Bosnia commemorates Saturday the 20th anniversary of the massacre of some 8,000 Muslim men and boys in the UN-protected enclave of Srebrenica, as debate continues to rage over its description as genocide.
The remains of 136 newly-identified victims will be laid to rest along with more than 6,000 others already buried at a memorial centre just outside the eastern Bosnian town.
Thousands of Muslim men and boys were slaughtered by Bosnian Serb forces after they captured Srebrenica in July 1995 near the end of Bosnia\’s inter-ethnic war, in the worst atrocity on European soil since World War II.
Some 50,000 people, as well as dignitaries from across Bosnia and abroad, were expected to be present at the ceremony marking two decades since the massacre and a day of mourning will be observed throughout the Balkan country.
International officials due to attend include European Union foreign policy chief Federica Mogherini and Bill Clinton — the US president at the time, whose administration brokered the Dayton peace deal that ended Bosnia\’s 1992-1995 war only a few months after the Srebrenica slaughter.
Clinton also attended the massacre\’s 10th anniversary.
Serbia, which backed Bosnian Serbs during and after the war that claimed some 100,000 lives, will be represented by its Prime Minister Aleksandar Vucic, a former ultranationalist-turned-pro-European.
Serbian and Bosnian Serb politicians have long denied the scale of the killing in Srebrenica, although two international tribunals have described the bloodshed as genocide.
A group of Bosnian men prepare to lay flowers at the Potocari Memorial Center near Srebrenica, on July 10, 2015 (AFP Photo/Elvis Barukcic)
In 2005, then-Serbian President Boris Tadic attended ceremonies marking the massacre\’s 10th anniversary, becoming the first leader from his country to visit the site.
Then in 2010, the Serbian parliament condemned the massacre, and three years later Serbian President Tomislav Nikolic made a personal apology.
But all of Serbia\’s leaders, including Vucic, have persistently refused to acknowledge the massacre as genocide.
Although the slaughter has been deemed as such by two international courts, the qualification remains a matter of even broader dispute.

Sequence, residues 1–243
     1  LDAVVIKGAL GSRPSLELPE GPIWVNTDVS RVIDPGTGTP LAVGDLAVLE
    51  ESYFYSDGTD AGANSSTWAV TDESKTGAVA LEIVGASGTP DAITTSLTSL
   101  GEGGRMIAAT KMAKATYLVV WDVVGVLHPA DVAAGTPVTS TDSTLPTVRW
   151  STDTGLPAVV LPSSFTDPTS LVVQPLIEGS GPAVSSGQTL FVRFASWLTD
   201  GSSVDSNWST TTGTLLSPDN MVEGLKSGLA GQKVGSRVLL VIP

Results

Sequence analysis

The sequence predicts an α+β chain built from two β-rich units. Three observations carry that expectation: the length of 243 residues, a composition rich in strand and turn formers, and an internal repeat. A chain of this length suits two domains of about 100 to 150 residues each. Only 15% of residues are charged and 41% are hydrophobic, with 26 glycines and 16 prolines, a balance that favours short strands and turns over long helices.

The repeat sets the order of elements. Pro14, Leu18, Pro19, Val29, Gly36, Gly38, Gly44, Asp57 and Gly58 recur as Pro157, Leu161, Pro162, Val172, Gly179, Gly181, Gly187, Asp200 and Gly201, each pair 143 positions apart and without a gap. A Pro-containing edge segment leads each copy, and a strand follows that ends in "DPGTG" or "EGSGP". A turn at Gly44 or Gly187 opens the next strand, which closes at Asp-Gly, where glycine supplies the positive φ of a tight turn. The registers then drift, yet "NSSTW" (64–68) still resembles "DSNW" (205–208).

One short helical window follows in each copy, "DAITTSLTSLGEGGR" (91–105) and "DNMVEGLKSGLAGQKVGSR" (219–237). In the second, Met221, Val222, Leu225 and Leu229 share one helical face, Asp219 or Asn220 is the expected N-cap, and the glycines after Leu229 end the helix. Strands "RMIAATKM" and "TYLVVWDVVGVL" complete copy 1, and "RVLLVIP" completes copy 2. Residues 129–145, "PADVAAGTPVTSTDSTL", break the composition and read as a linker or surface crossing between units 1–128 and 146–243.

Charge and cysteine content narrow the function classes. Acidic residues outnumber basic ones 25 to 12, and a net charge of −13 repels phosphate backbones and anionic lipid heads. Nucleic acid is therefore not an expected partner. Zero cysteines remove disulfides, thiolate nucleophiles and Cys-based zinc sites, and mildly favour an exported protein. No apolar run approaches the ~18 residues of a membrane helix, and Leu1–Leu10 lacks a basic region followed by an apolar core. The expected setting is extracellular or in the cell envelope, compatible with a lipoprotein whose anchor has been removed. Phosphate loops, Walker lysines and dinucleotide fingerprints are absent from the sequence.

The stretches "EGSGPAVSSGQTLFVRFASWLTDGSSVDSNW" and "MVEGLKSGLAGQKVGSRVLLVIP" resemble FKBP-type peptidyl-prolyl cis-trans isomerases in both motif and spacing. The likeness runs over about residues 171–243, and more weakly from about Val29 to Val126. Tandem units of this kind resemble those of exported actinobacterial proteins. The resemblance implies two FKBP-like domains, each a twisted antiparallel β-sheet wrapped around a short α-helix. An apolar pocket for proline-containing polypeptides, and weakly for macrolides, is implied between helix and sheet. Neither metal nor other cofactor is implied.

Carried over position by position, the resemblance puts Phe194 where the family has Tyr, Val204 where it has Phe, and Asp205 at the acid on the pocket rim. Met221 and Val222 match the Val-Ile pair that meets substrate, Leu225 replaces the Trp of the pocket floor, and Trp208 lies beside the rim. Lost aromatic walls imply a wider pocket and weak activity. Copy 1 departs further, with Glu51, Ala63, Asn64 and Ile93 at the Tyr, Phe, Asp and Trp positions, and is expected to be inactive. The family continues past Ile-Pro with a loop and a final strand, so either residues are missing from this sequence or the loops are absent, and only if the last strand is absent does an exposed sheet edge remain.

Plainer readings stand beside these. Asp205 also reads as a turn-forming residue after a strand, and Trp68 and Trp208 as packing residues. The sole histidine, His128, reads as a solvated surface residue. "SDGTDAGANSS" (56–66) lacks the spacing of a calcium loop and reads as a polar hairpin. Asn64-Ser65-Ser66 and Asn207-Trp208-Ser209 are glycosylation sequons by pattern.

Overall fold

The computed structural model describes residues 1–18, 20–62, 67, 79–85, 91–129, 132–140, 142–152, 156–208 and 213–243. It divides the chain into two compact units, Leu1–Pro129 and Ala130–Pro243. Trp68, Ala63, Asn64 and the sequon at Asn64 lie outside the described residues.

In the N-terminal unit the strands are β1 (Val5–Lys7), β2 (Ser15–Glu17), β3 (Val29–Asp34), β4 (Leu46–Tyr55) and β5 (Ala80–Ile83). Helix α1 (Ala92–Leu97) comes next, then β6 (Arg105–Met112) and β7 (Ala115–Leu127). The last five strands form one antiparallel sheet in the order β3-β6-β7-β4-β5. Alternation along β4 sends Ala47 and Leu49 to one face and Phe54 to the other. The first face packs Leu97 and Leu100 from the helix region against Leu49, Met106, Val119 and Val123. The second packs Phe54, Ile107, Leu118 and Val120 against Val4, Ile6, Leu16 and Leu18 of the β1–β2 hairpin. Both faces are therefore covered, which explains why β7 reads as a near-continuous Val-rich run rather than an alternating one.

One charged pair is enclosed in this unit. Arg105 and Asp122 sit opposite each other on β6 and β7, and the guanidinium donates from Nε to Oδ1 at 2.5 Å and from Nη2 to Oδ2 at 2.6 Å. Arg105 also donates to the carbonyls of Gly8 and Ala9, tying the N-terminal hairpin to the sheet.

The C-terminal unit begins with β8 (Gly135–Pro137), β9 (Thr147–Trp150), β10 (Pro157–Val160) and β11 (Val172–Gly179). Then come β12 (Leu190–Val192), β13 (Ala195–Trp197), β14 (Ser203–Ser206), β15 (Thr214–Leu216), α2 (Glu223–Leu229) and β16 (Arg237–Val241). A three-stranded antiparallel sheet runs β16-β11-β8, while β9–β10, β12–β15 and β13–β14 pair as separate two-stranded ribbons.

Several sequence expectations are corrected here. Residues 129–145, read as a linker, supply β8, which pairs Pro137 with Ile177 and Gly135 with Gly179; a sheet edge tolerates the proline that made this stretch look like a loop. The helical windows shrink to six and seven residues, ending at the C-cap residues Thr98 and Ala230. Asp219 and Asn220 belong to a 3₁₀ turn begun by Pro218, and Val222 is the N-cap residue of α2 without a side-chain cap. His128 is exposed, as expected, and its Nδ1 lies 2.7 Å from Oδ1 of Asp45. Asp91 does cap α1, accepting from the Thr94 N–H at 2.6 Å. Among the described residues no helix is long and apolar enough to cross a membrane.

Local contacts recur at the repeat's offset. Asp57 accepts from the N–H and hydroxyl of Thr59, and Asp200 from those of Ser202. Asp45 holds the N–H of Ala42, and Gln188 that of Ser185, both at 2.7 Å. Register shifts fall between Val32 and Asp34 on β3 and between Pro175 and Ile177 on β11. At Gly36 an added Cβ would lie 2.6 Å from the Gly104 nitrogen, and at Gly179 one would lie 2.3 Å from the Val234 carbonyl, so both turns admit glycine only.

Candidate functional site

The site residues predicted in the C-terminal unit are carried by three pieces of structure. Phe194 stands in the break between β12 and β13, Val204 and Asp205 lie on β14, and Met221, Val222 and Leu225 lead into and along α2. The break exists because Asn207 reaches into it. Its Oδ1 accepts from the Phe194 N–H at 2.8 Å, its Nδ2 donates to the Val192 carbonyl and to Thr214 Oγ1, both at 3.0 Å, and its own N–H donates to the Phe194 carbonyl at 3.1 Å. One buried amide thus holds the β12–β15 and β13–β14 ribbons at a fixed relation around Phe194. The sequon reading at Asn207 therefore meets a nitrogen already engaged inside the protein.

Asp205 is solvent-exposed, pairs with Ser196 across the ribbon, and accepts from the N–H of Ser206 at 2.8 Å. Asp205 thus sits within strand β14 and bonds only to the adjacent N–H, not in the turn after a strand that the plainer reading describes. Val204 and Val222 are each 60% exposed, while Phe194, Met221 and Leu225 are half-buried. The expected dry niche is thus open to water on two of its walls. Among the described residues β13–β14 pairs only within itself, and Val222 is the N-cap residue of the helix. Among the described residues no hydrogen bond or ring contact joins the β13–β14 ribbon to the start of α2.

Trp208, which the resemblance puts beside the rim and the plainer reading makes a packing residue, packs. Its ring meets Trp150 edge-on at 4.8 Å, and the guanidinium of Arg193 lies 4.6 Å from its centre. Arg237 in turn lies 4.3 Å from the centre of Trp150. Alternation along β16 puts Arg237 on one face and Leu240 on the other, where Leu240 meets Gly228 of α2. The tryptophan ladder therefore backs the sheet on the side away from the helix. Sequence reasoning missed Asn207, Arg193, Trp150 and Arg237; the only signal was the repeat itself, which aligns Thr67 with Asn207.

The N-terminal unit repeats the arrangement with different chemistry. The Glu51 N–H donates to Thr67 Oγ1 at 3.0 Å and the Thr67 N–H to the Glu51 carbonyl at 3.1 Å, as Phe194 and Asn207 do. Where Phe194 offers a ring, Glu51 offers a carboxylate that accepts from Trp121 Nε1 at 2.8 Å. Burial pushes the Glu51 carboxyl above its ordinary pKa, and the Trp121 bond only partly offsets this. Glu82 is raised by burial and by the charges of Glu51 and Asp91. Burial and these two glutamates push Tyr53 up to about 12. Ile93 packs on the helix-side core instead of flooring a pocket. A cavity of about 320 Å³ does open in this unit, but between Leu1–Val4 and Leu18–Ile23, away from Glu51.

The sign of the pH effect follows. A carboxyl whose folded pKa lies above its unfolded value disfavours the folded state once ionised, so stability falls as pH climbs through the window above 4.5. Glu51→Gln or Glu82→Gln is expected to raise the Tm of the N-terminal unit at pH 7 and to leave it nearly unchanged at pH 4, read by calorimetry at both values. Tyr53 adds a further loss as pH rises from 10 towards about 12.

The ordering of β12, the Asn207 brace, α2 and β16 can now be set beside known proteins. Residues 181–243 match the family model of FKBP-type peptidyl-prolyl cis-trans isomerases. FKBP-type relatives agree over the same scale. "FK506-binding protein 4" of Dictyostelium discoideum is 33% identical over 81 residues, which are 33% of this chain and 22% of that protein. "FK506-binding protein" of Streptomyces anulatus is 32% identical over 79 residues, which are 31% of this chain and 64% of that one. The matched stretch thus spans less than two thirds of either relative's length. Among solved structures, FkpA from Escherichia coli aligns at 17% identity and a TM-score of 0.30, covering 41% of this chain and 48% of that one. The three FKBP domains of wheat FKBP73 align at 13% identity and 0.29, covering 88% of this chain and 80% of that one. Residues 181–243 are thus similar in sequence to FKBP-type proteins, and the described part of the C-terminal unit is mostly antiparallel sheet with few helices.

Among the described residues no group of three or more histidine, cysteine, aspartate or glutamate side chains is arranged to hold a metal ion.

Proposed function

A woman reacts as she stands near a relative\’s grave, at the Memorial Center in Potocari near Srebrenica, Bosnia and Herzegovina July 10, 2015. REUTERS
Earlier this week Western powers clashed with Russia on the topic when Moscow — after lobbying by Serbia and Bosnian Serbs — vetoed a draft UN resolution submitted by Britain which called for the Security Council to recognise the Srebrenica mass killing as genocide.
Along with Serbian President Nikolic, Bosnian Serb leader Milorad Dodik welcomed the Russian veto, thanking Moscow for "preventing the adoption of a resolution that would have complicated the situation and deepened divisions within Bosnia".
Two decades on Bosnia is still frozen in the ethnic divisions that fuelled its civil war, and lags behind its Balkan neighbours in its bid to join the European Union.
After much arm-twisting by the international community, Bosnia emerged from the bloody conflict as a three-cornered federal state, but its leaders have failed to find a way of reconciling its communities.
Since the war the country consists of two semi-autonomous entities — the Muslim-Croat Federation and the ethnic Serbs\’ Republika Srpska. Srebrenica has remained in the Serb-run half.
A Bosnian woman mourns next to the coffin of a relative among 136 newly identified victims of the 1995 Srebrenica massacre at the Potocari Memorial Center near the eastern Bosnian town of Srebrenica, on July 10, 2015 (AFP Photo/Dimitar Dilkoff)